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Thomas Blenheim Williams (1893- ) (Bill Williams), early Airship Pilot.
1893 Born in London
As a pioneer in this field in 1916 he obtained the Airships pilot's licence No 28 which gives the title to his book 'Airship Pilot Number 28'. With the First World War at its height, he was posted to Anglesey to a unit flying non rigid airships over the Irish Sea to guard convoys of ships heading for Liverpool against submarines. This was a dangerous occupation when supported by a large gas bag of hydrogen which was liable to catch fire if punctured by a bullet, and he received an Air Force Cross for his efforts.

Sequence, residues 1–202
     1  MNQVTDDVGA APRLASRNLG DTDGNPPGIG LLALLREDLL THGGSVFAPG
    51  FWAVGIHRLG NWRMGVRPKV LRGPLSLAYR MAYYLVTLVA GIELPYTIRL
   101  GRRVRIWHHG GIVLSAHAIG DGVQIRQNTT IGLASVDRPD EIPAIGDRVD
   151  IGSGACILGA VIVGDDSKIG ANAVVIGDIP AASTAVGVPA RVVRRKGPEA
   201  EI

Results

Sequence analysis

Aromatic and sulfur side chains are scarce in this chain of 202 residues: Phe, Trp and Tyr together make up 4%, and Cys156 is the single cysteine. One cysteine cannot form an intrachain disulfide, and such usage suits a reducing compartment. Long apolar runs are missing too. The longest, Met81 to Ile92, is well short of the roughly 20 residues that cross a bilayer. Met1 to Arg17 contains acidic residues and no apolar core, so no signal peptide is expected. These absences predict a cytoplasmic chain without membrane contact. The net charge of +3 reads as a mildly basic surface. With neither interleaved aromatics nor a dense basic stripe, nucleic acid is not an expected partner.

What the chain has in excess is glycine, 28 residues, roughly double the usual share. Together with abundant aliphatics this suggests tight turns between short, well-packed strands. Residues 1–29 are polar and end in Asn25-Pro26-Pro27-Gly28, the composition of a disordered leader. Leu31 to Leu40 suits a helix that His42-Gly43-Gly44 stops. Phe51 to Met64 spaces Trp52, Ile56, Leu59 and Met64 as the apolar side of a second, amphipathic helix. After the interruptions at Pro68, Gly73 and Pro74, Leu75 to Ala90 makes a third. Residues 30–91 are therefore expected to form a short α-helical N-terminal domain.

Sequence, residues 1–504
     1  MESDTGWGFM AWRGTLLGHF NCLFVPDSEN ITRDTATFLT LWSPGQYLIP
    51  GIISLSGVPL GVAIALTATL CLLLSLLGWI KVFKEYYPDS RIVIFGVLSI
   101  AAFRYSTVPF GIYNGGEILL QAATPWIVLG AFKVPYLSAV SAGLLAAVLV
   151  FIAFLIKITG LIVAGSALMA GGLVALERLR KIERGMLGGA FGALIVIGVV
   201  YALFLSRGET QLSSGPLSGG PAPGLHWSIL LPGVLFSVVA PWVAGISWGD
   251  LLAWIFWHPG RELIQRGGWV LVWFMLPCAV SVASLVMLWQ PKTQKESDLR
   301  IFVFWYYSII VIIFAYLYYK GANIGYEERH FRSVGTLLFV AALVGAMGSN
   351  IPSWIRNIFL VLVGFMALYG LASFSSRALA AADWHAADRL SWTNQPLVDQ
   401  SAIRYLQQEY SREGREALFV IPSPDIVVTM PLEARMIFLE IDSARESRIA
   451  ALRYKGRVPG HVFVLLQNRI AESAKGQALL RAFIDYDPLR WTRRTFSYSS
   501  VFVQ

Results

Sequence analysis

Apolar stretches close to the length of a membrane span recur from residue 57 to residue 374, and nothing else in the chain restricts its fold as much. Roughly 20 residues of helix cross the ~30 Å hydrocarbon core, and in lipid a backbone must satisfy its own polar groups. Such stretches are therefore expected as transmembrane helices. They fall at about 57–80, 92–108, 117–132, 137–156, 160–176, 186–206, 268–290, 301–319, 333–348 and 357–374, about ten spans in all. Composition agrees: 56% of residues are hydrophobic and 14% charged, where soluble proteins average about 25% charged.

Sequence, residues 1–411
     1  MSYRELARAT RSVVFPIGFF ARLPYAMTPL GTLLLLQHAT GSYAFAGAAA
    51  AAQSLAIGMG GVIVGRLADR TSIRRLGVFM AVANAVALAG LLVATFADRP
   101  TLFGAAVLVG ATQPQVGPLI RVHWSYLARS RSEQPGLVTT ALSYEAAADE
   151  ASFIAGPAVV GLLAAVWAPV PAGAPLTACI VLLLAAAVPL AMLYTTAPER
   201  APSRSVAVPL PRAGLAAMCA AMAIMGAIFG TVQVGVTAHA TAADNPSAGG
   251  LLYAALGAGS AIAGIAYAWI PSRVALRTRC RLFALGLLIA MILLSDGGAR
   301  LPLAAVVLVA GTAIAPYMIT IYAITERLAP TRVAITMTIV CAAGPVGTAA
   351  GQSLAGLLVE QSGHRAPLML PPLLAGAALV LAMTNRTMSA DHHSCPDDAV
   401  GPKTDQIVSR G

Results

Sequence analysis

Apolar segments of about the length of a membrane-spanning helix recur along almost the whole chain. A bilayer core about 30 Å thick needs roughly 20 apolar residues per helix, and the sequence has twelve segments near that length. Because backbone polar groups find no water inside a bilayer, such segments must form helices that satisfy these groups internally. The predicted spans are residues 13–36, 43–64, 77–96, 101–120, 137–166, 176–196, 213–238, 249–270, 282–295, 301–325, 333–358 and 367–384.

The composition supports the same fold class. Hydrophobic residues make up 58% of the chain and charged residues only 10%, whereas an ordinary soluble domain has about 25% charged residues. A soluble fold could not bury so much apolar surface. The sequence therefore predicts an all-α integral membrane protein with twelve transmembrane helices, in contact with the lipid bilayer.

In 1918 he was seconded to be the First Officer of the much decorated crew who flew the Airship SR1 from Italy to England; the longest flight achieved for some years.
With the war's end he was part of an ill-fated expedition to use Airships in the seal fisheries of Newfoundland. Returning to England he was heavily involved in the burgeoning Airship industry until its demise with the crash of the R101.
Many years later, with the development of the modern recreational Hot Air Balloon, he became involved again in his first love, and was of considerable use to the pioneers with his experience of actually having flown these things before.